“Stewardship Renaissance” — a term used by the Blue Ribbon Task Force for Funding the Mission — is starting well before the task force’s report reaches the 2007 LCMS Convention.
Among the developments is that the LCMS Board for District and Congregational Services is moving toward hiring a staff person to handle stewardship responsibilities. Rev. Larry Reinhardt, who retired as director of Stewardship Ministry last February, will continue to serve part time until a new staff person is in place.
“Right now, a number of people in leadership are very enthused about Stewardship Renaissance,” said Dr. William Diekelman, LCMS first vice president who has taken on “Renaissance” responsibilities.
He pointed to the Council of Presidents decision to hold a fiscal conference on Feb. 8-9, prior to its regular meeting. The districts will cover expenses for the conference.
“I’m not sure what the outcome will be, but my hope is that it’s what the task force has recommended — to determine the amount of unrestricted dollars to be provided for the synodical budget,” Diekelman said. He added that the task force envisioned that fiscal conferences plan three years ahead for the budget needs of both district and national offices.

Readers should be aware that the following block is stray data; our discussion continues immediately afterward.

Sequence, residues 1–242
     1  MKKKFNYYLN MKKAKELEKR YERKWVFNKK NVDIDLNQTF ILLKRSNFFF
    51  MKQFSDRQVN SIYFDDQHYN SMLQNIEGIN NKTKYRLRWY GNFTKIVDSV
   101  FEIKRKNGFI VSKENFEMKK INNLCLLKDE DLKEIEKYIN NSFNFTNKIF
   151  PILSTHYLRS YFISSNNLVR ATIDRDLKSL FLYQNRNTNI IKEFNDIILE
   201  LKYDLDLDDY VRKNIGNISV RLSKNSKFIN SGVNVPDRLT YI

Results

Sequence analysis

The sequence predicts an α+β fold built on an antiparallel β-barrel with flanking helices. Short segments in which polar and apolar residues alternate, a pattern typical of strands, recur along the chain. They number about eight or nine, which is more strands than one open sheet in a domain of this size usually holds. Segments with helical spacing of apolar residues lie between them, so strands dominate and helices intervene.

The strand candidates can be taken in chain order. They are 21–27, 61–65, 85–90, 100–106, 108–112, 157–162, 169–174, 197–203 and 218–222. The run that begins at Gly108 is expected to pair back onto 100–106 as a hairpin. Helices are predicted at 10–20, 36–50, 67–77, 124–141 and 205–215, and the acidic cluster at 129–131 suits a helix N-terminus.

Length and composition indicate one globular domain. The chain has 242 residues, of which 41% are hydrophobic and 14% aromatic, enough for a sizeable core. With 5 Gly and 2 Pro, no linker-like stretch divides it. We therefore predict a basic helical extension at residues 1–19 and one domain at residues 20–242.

Noting that unrestricted income to national offices has declined by about $1 million a year, Diekelman said the uncertainty about unrestricted income has frustrated budget planning for the Synod’s Board of Directors. About $22 million of the Synod’s current $88 million budget is comprised of unrestricted funds that flow from congregational offering plates to the districts and then to the national office.
A stewardship staff member and the fiscal conference are two of 11 recommendations from the task force that was requested by the 2004 LCMS Convention.
Diekelman said Reinhardt has proposed two stewardship education projects, which await funding approval from the LCMS Board of Directors. One is a multi-year project to train leaders to be “stewardship catalysts” in their congregations. Another project would prepare “stewardship advocates” to assist district leaders in promoting healthy stewardship within congregations.
“I take this as a sign of health and wellness in the LCMS,” Diekelman said. “I hope the people in the pew can gather the excitement. It’s not about money; it’s about our relationship with God — seeing the gifts He has given and learning how we manage them.”
Posted Oct. 27, 2006